Researchers at St. Michael’s Hospital and the Institute for Clinical Evaluative Sciences have recommended expanded access to triptans, a class of drugs used for acute treatment of migraine headaches, in Ontario.
The recommendations follow a review of their usage by the Ontario Drug Policy Research Network published today in the journal Headache.
“Our review shows that triptans work to effectively manage migraine headaches, but strict provincial regulations mean that few patients who could benefit from these drugs are able to get them through the public system,” said Tara Gomes, a scientist at the Li Ka Shing Knowledge Institute of St. Michael’s Hospital and a principal investigator of the ODPRN.
“However, unlike other provinces, Ontario doesn’t limit the quantity for patients who do receive triptans through the public drug program, which means these patients may be at a higher risk of medication-overuse headaches, and that leads us to recommend changes to the current program,” said Gomes, a scientist with ICES.
The researchers recommended expanded access to triptans in Ontario to address accessibility issues identified in earlier studies, while imposing quantity limits that would reduce the risk of medication overuse headaches.
“Our review shows that people with migraines would have much easier and safer access to these drugs, with only marginal cost increases if the government expanded access to these drugs while limiting the number of doses a person could receive at one time. Less restrictive reimbursement policies on triptans could potentially increase accessibility 20-fold, from 1,200 patients to 25,000 patients with a three-fold increase in annual costs, from $1.8 million to $5.6 million,” said Gomes.
The drug class review includes four studies that found:
- Triptans are effective and safe for treatment of acute migraine, with many patients noting that these drugs help restore daily functionality and the ability to work.
- Affordability of triptans was a key concern impacting access, especially for patients who are low-income and/or do not have private drug coverage.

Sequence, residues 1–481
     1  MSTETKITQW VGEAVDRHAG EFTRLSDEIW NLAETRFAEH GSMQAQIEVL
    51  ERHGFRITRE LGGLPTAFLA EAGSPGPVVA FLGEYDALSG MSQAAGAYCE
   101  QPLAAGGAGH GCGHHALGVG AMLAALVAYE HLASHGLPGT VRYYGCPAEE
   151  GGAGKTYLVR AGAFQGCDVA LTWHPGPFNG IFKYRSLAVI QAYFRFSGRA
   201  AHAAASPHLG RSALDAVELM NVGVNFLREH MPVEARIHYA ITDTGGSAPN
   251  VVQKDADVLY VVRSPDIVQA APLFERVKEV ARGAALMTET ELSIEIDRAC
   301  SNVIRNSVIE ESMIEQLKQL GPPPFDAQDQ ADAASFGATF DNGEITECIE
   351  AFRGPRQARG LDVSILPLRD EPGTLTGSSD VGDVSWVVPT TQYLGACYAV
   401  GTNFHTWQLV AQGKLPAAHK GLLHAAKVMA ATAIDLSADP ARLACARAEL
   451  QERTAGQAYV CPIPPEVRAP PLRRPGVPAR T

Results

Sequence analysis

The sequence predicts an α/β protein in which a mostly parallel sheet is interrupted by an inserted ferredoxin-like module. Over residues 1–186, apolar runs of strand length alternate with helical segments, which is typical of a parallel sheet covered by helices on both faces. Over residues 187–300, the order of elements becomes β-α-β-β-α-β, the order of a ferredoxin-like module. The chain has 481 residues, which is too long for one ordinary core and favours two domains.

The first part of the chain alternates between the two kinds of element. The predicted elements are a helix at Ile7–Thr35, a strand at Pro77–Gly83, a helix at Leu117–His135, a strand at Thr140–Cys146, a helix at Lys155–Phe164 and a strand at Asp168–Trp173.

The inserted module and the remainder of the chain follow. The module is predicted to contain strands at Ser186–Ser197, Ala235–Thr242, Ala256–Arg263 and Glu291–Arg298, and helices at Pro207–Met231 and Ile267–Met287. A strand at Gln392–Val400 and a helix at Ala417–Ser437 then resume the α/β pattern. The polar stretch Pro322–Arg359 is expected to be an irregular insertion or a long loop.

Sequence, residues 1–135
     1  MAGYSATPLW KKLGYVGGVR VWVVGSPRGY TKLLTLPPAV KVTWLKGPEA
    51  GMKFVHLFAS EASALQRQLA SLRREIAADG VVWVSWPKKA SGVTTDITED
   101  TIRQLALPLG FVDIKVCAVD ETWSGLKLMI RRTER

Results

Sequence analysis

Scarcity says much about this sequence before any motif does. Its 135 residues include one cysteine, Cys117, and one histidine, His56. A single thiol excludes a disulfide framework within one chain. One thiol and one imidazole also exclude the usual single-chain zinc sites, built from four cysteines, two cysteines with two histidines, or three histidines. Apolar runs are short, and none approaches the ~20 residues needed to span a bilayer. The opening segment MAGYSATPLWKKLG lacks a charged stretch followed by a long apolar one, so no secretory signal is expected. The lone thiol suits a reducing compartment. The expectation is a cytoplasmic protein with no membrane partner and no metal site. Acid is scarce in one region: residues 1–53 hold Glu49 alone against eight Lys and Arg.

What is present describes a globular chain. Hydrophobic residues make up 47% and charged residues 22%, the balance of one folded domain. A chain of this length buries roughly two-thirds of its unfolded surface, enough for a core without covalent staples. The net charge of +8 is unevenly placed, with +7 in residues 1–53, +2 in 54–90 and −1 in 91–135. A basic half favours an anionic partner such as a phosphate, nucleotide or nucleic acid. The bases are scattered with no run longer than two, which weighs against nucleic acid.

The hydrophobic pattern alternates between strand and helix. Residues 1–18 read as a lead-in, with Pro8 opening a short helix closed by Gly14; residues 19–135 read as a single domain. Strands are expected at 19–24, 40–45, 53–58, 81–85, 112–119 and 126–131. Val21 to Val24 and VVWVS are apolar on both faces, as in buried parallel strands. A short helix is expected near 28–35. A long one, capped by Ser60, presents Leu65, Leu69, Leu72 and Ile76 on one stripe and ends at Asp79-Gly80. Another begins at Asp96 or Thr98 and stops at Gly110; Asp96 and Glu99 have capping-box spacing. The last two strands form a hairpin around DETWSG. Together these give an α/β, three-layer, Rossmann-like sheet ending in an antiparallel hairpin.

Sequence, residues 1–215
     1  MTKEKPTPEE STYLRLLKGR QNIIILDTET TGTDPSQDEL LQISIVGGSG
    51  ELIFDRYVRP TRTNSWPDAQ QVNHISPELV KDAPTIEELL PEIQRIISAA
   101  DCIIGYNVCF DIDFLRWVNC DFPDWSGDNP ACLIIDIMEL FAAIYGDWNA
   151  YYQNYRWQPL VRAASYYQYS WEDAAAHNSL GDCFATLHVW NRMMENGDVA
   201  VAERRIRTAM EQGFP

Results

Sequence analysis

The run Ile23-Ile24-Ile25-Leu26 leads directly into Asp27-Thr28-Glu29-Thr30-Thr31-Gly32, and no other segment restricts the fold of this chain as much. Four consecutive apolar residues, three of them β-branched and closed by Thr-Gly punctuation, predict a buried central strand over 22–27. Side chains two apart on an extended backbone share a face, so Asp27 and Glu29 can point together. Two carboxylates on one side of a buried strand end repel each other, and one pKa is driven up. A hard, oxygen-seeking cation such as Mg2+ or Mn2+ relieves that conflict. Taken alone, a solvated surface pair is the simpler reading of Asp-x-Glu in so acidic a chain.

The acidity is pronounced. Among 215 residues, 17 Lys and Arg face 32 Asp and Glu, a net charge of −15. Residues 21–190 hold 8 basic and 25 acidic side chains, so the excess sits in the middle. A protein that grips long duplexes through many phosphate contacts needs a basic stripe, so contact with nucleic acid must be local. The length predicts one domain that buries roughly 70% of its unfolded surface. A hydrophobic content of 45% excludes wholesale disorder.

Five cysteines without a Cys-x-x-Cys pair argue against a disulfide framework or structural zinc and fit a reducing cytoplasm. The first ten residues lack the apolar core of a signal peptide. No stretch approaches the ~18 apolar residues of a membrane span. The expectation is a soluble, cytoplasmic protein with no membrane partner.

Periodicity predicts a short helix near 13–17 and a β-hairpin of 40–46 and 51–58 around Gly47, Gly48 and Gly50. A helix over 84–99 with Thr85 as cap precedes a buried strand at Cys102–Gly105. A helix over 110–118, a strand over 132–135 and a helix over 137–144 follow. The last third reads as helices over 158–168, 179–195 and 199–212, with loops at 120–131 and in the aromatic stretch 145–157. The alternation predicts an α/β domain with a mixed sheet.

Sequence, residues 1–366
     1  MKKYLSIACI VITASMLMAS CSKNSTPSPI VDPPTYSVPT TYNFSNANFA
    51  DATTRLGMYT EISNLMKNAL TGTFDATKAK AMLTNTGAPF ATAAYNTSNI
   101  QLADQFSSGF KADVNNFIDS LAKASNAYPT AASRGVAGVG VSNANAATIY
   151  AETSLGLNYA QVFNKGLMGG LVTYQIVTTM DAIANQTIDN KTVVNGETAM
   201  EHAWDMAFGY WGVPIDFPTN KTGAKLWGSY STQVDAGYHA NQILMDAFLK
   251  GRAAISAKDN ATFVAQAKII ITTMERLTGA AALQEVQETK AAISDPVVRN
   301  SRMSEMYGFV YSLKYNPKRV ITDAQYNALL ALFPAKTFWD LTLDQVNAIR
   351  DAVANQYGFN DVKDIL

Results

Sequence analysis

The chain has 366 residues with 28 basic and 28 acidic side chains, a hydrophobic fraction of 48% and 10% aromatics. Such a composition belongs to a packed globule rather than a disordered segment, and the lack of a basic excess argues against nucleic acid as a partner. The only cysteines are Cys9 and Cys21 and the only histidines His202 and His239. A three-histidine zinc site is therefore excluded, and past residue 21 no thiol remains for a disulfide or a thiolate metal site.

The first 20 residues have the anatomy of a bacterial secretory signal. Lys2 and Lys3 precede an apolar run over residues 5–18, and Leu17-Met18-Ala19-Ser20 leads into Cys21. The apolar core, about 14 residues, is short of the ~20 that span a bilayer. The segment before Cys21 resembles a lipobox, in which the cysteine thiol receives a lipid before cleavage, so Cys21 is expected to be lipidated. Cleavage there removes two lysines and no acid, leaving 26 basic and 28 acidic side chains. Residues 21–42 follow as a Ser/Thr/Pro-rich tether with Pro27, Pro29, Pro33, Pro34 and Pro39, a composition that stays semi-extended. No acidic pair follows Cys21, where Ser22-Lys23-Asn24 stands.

- Triptan prescribing and volume of use for public drug coverage varied significantly between provinces, the lowest rates observed in Ontario (4 per 10,000) and the highest in Manitoba (100 per 10,000).
- Under the existing reimbursement system, approximately one in 10 triptan users eligible for public drug plan coverage in Ontario was prescribed quantities of triptans that might place them at risk of medication overuse headaches.
About St. Michael’s Hospital
St. Michael’s Hospital provides compassionate care to all who enter its doors. The hospital also provides outstanding medical education to future health care professionals in 27 academic disciplines. Critical care and trauma, heart disease, neurosurgery, diabetes, cancer care, care of the homeless and global health are among the hospital’s recognized areas of expertise. Through the Keenan Research Centre and the Li Ka Shing International Healthcare Education Centre, which make up the Li Ka Shing Knowledge Institute, research and education at St. Michael’s Hospital are recognized and make an impact around the world. Founded in 1892, the hospital is fully affiliated with the University of Toronto.
ICES is an independent, non-profit organization that uses population-based health information to produce knowledge on a broad range of health care issues. Our unbiased evidence provides measures of health system performance, a clearer understanding of the shifting health care needs of Ontarians, and a stimulus for discussion of practical solutions to optimize scarce resources. ICES knowledge is highly regarded in Canada and abroad, and is widely used by government, hospitals, planners, and practitioners to make decisions about care delivery and to develop policy. For the latest ICES news, follow us on Twitter: @ICESOntario
For more information or to arrange an interview with Tara Gomes, please contact:
Manager, Media Strategy, St. Michael’s Hospital
Media Advisor, ICES
(o) 416-480-4780 or (c) 416-434-7763